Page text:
Alpek bids for CarbonLite's Pennsylvania recycling plant

Author: Al Greenwood

2021/05/03

HOUSTON (ICIS)--The Alpek subsidiary DAK Americas has submitted a $96m bid to acquire a recycling plant in Reading, Pennsylvania, from the bankrupt company CarbonLite, according to court document that CarbonLite filed on Monday.

DAK Americas's bid will serve as a floor or stalking horse bid. If CarbonLIte does not receive a better offer, then DAK Americas could acquire the plant.

In a statement, Alpek confirmed the timing set forth by the bankruptcy documents. It declined to comment further because it is company policy not to discuss ongoing negotiations.

CarbonLite is scheduled to conduct an auction for the plant on 17 May. The court is scheduled to hold a sales hearing on 26 May. The sale could close by 3 June.

The Reading plant processes post-consumer plastic products made of polyethylene terephthalate (PET). These are converted into food-grade recycled PET (R-PET) pellets.

CarbonLite had completed construction of the Reading plant in August 2020, and should be fully operational by now, according to court documents submitted by CarbonLite. Reading can process 85m lb/year (39m kg/year) of R-PET pellets.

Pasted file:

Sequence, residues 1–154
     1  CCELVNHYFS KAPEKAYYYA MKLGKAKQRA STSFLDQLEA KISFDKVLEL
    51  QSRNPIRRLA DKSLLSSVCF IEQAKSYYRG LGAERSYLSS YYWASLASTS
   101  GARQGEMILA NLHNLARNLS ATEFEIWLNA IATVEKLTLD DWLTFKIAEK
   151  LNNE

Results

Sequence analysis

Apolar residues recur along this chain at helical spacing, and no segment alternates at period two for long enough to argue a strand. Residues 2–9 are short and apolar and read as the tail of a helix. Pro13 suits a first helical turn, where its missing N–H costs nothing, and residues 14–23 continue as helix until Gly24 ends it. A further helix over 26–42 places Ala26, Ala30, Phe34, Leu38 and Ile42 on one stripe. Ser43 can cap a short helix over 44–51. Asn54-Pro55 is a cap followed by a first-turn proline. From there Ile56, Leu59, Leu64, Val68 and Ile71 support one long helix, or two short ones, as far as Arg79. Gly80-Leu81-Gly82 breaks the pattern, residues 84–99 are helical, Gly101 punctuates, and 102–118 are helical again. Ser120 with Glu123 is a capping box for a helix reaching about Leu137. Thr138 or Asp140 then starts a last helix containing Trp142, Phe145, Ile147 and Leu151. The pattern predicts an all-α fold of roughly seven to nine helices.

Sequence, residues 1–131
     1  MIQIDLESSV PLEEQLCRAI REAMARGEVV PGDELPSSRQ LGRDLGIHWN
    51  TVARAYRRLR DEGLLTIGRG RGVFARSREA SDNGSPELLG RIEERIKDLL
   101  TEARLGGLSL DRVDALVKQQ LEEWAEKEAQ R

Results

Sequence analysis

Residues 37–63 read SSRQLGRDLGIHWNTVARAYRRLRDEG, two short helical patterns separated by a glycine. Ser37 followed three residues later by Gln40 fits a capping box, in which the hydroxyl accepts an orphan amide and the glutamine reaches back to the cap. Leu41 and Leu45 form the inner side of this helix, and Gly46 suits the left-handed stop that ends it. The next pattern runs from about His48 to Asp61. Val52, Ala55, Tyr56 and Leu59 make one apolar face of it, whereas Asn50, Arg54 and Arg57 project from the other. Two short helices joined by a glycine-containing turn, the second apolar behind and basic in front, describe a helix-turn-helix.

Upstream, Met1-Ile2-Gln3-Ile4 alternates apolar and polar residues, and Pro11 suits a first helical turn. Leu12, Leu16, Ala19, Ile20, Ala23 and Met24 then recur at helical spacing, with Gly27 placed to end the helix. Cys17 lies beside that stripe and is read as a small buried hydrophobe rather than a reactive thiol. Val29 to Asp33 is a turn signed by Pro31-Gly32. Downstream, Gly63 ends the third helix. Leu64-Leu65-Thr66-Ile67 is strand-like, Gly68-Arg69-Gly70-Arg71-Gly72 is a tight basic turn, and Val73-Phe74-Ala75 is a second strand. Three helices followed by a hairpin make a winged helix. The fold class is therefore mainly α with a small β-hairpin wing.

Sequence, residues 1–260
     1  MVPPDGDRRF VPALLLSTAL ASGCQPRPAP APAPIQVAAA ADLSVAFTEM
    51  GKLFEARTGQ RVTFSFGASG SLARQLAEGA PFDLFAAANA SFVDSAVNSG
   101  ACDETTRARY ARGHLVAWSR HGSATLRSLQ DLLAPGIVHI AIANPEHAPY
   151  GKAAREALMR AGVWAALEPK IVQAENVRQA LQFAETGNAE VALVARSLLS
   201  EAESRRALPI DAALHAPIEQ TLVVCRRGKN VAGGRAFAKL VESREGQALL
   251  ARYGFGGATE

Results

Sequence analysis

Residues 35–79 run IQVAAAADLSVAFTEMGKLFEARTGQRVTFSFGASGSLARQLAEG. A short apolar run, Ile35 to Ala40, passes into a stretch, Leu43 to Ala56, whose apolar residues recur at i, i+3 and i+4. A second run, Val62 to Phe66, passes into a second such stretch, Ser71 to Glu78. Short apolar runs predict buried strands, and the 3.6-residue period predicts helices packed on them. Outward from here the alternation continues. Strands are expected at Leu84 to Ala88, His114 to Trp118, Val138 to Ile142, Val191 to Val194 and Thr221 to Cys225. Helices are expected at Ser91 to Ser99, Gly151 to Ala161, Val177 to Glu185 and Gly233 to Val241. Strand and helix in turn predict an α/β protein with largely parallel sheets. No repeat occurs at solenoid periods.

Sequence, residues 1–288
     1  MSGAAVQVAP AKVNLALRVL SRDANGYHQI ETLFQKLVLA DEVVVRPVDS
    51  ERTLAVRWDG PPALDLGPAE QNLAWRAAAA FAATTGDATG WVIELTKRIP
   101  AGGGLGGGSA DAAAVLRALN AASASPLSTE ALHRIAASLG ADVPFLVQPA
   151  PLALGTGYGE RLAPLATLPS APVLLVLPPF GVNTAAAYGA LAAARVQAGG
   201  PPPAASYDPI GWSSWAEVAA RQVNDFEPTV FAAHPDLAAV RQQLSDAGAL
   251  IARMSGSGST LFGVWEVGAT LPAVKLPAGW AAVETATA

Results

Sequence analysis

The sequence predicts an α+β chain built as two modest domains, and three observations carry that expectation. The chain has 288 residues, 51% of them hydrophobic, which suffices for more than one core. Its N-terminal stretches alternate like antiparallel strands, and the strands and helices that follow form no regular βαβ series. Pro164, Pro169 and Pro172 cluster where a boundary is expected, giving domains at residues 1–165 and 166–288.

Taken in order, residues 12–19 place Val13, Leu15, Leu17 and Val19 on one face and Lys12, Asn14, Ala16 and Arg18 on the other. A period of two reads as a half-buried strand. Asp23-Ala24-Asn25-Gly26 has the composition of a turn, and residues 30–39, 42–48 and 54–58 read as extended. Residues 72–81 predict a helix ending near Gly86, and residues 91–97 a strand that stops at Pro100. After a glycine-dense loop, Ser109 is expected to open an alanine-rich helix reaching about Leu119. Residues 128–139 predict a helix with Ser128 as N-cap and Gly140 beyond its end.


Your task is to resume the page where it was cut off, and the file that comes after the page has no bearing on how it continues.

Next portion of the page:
CarbonLite has two other recycling plants in Riverside, California, and Dallas, Texas.

The Riverside plant started operations in November 2011. It can process 115m lb/year of R-PET pellets.

Dallas started in late 2017, and it can process 85m lb/year of R-PET pellets.

CarbonLite also owns PinnPack, which makes food-grade thermoformed PET and R-PET packaging products. PinnPack owns a plant in Oxnard, California.

CarbonLite bills its recycling business as one of the largest producers of food-grade R-PET pellets in the US.

It makes PET pellets from bales of used plastic bottles and from R-PET flakes.

CarbonLite filed for bankruptcy protection under Chapter 11 in US Bankruptcy Court, Delaware District. The case number is 21-10527.

Alpek is based in Mexico, and it makes PET. It is part of the Mexican conglomerate Alfa.

Thumbnail image shows PET bottles. Image by imageBROKER/REX/Shutterstock